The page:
First off, I highly recommend David’s work, his site, and his newsletter. The only issue I have with his work is style. He’s not exactly concise. He’ll go at great length to explain something and he makes generous use of the principle that saying the same thing in different ways helps more people understand. I’ve stopped reading some of his newsletters because of this, even though I know they contain some valuable tips.
I’ll note that David has a personal bias toward publishing exclusively through Amazon so sometimes he sees the world through that lens. He does try to be objective but admits that’s the core of his experience and expertise.
So I’m going to distill the newsletters I find interesting down into the very basics and post them here, more as a reference for my use than anything else. With that, I present my condensed version of two separate emails on the subject of targeting ads on Facebook, and a follow up on tracking performance:
- Campaign Goal: Traffic.
- Put only one ad set in a campaign. With different ads in the same set, machine learning will quickly start favouring one of them. Decisions are made too quickly, after just a few hundred impressions. 1000 impressions is more reliable.
- Set Advantage Campaign Budget off.
- Advantage Detail Targeting: off
- Interest targeting remains the best way to sell books at scale with Facebook Ads. Done right, they’ll remain the backbone of every campaign.
- Don’t consider Custom Audiences until you have experience and an audience of a few thousand readers on either their mailing list or Facebook Page (several thousand before attempting Lookalikes).
- Facebook defaults to the country you reside in. Switch to Americans, additionally those who shop at Kindle, then Kobo, etc. (unless going to your own site).
- Branch out, to separate ads and campaigns for each retailer and country (indeed, for each retailer in each country you are targeting).
- Make sure you are using the correct retailer link for the country you are targeting.
- Don’t hyper-target.
- Target one country at a time.
- Don’t target by age/sex/etc. unless you have a compelling reason.
Target by interest(s) only and keep the resulting audience as big as possible:
- Choose a comparable author or two, and if that’s not possible (it often isn’t on Facebook except for the biggest tradpub authors) then choose your genre.
- If that’s not possible you must get creative and start looking at things like TV shows your readers might watch.
- Narrow the audience by “Amazon Kindle” and the “Kindle Store” interests to ensure you are reaching Amazon customers who purchase e-books.
- Be careful with interests like “ebooks” and “ereaders” as they generally include lots of non-Amazon customers (see below).
- Don’t throw in too many interests at once – you need to test things individually first to see what works.
- Make sure interests are an intersection not a union by using the “Narrow Audience” button.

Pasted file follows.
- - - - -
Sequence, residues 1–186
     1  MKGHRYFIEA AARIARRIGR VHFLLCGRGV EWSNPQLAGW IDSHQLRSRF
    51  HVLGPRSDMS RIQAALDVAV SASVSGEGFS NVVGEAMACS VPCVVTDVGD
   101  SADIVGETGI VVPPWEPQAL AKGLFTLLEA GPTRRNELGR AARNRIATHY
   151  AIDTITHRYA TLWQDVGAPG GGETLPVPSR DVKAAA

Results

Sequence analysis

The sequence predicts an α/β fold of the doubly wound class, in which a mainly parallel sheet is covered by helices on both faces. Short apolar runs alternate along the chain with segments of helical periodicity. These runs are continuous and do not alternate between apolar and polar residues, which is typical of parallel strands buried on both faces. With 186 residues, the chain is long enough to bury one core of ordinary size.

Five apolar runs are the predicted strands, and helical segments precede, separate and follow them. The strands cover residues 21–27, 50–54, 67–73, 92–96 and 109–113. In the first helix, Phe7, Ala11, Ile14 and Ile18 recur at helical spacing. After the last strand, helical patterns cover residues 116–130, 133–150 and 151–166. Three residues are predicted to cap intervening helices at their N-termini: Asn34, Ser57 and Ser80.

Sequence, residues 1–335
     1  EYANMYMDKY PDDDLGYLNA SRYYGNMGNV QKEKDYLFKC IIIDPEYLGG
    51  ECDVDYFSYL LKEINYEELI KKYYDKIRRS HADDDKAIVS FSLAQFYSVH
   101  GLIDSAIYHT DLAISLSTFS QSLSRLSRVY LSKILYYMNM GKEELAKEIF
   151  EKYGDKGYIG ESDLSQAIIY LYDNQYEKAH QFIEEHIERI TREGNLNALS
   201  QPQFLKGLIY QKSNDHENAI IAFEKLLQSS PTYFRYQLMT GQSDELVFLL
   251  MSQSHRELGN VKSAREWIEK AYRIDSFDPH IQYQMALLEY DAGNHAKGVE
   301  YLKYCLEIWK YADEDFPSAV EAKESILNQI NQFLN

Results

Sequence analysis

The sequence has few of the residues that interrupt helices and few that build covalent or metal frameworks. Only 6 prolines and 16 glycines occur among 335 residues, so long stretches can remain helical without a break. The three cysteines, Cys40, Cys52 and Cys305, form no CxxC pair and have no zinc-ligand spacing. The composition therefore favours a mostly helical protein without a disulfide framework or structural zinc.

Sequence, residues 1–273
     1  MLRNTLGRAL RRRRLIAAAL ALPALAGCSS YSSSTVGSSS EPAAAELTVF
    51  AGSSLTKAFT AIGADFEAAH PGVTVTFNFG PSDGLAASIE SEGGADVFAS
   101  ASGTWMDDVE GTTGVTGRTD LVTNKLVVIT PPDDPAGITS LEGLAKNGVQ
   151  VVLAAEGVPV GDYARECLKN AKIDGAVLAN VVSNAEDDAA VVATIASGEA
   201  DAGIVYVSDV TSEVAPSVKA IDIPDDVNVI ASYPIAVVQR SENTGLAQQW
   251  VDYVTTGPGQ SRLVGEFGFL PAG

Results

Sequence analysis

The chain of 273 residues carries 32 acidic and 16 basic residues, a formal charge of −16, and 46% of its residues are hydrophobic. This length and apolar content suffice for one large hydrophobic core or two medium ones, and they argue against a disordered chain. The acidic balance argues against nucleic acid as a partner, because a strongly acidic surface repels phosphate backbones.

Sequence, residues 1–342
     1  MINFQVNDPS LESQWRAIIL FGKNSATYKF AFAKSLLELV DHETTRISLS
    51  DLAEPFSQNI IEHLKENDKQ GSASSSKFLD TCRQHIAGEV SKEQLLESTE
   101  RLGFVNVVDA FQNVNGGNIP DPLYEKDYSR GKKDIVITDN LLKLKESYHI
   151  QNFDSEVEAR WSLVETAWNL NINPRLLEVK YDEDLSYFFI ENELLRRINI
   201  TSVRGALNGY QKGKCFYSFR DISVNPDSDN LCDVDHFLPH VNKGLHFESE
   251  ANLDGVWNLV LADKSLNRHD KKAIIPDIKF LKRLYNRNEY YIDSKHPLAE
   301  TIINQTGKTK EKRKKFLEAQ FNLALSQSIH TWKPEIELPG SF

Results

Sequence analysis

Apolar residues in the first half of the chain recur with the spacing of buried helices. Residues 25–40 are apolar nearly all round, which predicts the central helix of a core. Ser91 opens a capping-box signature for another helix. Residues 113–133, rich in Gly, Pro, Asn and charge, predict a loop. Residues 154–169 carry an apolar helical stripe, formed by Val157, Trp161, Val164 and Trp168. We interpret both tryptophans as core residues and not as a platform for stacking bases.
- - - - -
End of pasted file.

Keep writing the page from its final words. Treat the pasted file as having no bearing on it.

- Try all variations when searching for interests. “J.R. Smith” won’t match “JR Smith”
- Avoid general e-book interests: E-books (publications) and e-book readers (consumer electronics), not good for ads going to retailers, only to your site.
- There are two Amazon Kindle interest groups, one with 40M owners, the other with Kindle employees. Also Kindle Store with 25M members. Avoid Kindle Fire.
- Generally target audiences of sizes between 100,000 up to 5M-10M
- Use the Save This Audience button. Refine and then use “Save As” and create a new audience as you refine or target another country.
- DO NOT use Advantage Placements or Advantage Detail Targeting. Use interest suggestions instead and curate.
- Initially run ads on Facebook News Feed only, expand to just News Feed when more familiar with the whole process. Steer clear of Audience Network.
- Mix up formats in the same ad set (square 1080×1080, letterbox 1200×628).
Doesn’t recommend dynamic ads. Thinks the effort put into learning how to create a good ad is better.
Tracking and Adjusting
Ads have a life cycle. After some time performance will drop off. If you have multiple promotions across multiple platforms, tracking sales alone can’t tell you which part is starting to under perform.
You can track a few metrics:
- CPC. CPC can rise due to competition or because the audience is getting tapped out.
- CTR. An indication that people are becoming less responsive to your ad.
- Frequency (estimated). If frequency goes over 2 during a week, it’s a sign the ad is getting tired.
- Also useful: Delivery, Frequency, Budget, Amount Spent, Results, Reach, Impressions, Schedule, and Ends.
- Ignore all “performance suggestions”.
NB: The default metrics are misleading, track “Unique Outbound Clicks”, “Unique Outbound CTR”, and “Unique Outbound CPC” for a real measure of performance.
If the ad does appear to be approaching end of life:
- Consider simply pausing it.
- Duplicate the ad and try new targeting. Don’t change an ad that performs well because you will lose “social proof” (a history of good performance that FB considers when placing your ad).
- Duplicate the ad and try new media (images, copy, etc).
- Facebook will automatically A/B test two creatives in the same ad group, however it will bias heavily to the top performer. Consider disabling one if it starts to perform poorly. The decisions the algorithm makes are mostly good, but sometimes it makes that early and doesn’t revisit it later on.
Merge multiple well performing audiences into one and let FB do the targeting.
Authors Optimizing Amazon and Facebook Ads – Support Group (must have a published book to join) https://www.facebook.com/groups/393917614473395